At the beginning, the two thingies are far enough apart that they're not significantly interacting.

But then we lower the top track, bringing the two thingies into the range where they can easily attract each other. (Opposite charges attract.)

So the light thingy on top rolls toward the heavy thingy on the bottom. (And the heavy thingy on the bottom rolls a little toward the top thingy, just like an apple attracts the Earth as it falls.)

Now switch to the Feynman path integral view. That is, imagine the evolution of a quantum system as a sum over all the paths through configuration space the initial conditions could take.

Suppose the bottom heavy thingy and the top thingy started out in a state of quantum independence, so that we can view the amplitude distribution over the whole system as the product of a "bottom thingy distribution" and a "top thingy distribution".

The bottom thingy distribution starts with bulges in three places—which, in the Feynman path view, we might think of as three possible starting configurations from which amplitude will flow.

When we lower the top track, the light thingy on top is attracted toward the heavy bottom thingy -

- except that the bottom thingy has a sub-distribution with three bulges in three different positions.

So the end result is a joint distribution in which there are three bulges in the amplitude distribution over

jointconfiguration space, corresponding to three differentjointpositions of the top thingy and bottom thingy.I've been trying very carefully to avoid saying things like "The bottom thingy is in three places at once" or "in each possibility, the top thingy is attracted to wherever the bottom thingy is".

Still, you're probably going to visualize it that way, whether I say it or not. To be honest, that's how

Idrew the diagram—I visualized three possibilities and three resulting outcomes. Well, that's just how a human brain tends to visualize a Feynman path integral.But this doesn't mean there are actually

three possible ways the universe could be,etc. That's just a trick for visualizing the path integral.Allthe amplitude flowsactually happen,they are notpossibilities.Now imagine that, in the starting state, the bottom thingy has an amplitude-factor that is smeared out over the whole bottom track; and the top thingy has an amplitude-factor in one place. Then the joint distribution over "top thingy, bottom thingy" would start out looking like the plaid pattern at left, and develop into the non-plaid pattern at right:

Here the horizontal coordinate corresponds to the top thingy, and the vertical coordinate corresponds to the bottom thingy. So we start with the top thingy localized and the bottom thingy spread out, and then the system develops into a joint distribution where the top thingy and the bottom thingy are in the same place, but their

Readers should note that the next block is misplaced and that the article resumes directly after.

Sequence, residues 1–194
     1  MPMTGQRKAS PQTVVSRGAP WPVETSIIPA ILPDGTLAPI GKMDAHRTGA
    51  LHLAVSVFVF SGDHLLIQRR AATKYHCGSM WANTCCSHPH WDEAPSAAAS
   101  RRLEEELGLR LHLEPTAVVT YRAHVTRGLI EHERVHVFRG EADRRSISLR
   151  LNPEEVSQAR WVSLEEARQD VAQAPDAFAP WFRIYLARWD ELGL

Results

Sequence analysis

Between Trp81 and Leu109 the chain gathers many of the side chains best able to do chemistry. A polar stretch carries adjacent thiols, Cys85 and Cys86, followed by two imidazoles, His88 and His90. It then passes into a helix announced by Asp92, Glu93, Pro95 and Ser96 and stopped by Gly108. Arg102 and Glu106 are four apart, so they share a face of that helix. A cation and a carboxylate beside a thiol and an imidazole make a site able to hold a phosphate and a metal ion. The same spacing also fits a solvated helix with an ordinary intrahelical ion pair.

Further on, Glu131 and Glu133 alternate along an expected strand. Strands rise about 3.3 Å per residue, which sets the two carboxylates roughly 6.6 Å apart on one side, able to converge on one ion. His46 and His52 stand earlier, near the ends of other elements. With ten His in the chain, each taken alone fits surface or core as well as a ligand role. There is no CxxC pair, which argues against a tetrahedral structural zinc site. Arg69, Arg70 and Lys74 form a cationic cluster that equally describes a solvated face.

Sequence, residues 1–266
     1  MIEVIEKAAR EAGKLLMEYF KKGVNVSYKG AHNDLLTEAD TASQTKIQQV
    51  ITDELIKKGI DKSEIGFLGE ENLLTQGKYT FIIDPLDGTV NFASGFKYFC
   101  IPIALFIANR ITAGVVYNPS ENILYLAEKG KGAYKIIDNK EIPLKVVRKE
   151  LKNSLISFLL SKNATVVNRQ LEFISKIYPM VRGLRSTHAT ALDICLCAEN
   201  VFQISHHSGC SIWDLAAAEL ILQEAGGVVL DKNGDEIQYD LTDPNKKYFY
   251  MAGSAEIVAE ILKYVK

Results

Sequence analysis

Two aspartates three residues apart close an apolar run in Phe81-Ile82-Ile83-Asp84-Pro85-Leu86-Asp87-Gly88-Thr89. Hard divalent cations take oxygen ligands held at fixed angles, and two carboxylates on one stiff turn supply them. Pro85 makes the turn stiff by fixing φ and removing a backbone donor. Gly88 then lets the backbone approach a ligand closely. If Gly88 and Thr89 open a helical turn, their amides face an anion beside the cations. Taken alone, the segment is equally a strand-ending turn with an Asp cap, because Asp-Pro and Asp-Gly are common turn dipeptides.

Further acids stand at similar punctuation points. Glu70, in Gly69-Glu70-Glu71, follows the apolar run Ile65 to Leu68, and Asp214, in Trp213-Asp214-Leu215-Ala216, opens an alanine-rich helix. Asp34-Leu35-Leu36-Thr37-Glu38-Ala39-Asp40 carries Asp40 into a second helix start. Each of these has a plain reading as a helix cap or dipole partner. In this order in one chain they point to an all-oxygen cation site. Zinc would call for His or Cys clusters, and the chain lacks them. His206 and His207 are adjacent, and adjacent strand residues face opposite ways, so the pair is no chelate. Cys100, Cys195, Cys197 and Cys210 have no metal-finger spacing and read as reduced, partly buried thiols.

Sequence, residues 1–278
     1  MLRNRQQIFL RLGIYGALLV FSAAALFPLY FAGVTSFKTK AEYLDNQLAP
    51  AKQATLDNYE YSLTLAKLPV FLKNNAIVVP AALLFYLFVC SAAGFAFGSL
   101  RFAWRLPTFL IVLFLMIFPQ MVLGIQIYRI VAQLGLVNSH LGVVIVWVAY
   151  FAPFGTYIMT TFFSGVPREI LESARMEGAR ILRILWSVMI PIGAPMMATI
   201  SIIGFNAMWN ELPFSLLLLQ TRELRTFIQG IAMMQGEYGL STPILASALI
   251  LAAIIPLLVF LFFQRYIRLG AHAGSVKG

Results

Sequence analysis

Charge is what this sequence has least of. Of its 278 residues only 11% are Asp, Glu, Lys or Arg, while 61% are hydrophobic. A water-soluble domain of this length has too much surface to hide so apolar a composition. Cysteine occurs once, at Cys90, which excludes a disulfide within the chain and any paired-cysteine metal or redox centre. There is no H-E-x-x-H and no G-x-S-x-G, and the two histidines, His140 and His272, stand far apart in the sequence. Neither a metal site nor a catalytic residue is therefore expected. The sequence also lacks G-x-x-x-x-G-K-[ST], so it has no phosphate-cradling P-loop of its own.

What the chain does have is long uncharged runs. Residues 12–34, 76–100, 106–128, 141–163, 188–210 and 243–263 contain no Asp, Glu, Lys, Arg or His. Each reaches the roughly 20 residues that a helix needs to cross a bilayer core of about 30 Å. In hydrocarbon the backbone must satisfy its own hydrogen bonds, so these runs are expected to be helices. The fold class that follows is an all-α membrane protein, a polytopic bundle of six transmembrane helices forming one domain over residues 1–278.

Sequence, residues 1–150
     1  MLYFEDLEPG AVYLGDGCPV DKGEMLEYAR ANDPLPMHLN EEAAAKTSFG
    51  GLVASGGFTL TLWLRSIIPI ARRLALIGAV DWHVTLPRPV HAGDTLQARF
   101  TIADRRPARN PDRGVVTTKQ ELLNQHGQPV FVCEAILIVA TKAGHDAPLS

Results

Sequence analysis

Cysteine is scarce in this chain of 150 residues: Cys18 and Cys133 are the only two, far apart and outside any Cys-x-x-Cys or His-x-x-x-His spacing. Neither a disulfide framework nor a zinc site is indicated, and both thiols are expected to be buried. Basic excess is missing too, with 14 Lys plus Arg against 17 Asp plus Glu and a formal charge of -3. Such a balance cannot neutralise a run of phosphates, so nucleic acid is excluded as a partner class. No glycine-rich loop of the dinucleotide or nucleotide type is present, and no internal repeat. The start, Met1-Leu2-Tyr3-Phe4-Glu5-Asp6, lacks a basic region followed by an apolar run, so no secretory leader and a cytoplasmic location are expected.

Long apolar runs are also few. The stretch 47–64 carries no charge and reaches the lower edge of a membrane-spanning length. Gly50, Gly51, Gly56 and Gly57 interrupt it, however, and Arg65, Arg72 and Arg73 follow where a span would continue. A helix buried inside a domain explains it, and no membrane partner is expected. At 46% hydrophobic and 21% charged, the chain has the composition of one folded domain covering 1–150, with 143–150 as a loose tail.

mutualposition is spread out. Very loosely speaking.So an initially

factorizabledistribution, evolved into an "entangled system"—a joint amplitude distribution that is not viewable as a product of distinct factors over subspaces.Okay, so

nowwe're ready to discuss decoherence.The system at left is highly entangled—it's got a joint distribution that looks something like, "There's two particles, and either they're both over

here, or they're both overthere."Yes, I phrased this as if there were two separate possibilities, rather than a single physically real amplitude distribution. Seriously, there's no good way to use a human brain to talk about quantum physics in English.

But if you can just remember the

general rulethat saying "possibility" is shorthand for "physically real blob within the amplitude distribution", then I can describe amplitude distributions a lot faster by using thelanguageof uncertainty. Just remember that it islanguage."Either the particle is over here, or it's over there" means a physically real amplitude distribution with blobs in both places,notthat the particle is in one of those places but we don't know which.Anyway. Dealing with highly entangled systems is often annoying—for human physicists, not for reality, of course. It's not just that you've got to calculate all the possible outcomes of the different possible starting conditions. (I.e., add up a lot of physically real amplitude flows in a Feynman path integral.) The possible outcomes may interfere with each other. (Which actual

possibleoutcomes would never do, but different blobs in an amplitude distribution do.) Like, maybe the two particles that are both overhere,or both overthere,meet twenty other particles and do a little dance, and at the conclusion of the path integral, many of the final configurations have received amplitude flows from both initial blobs.But that kind of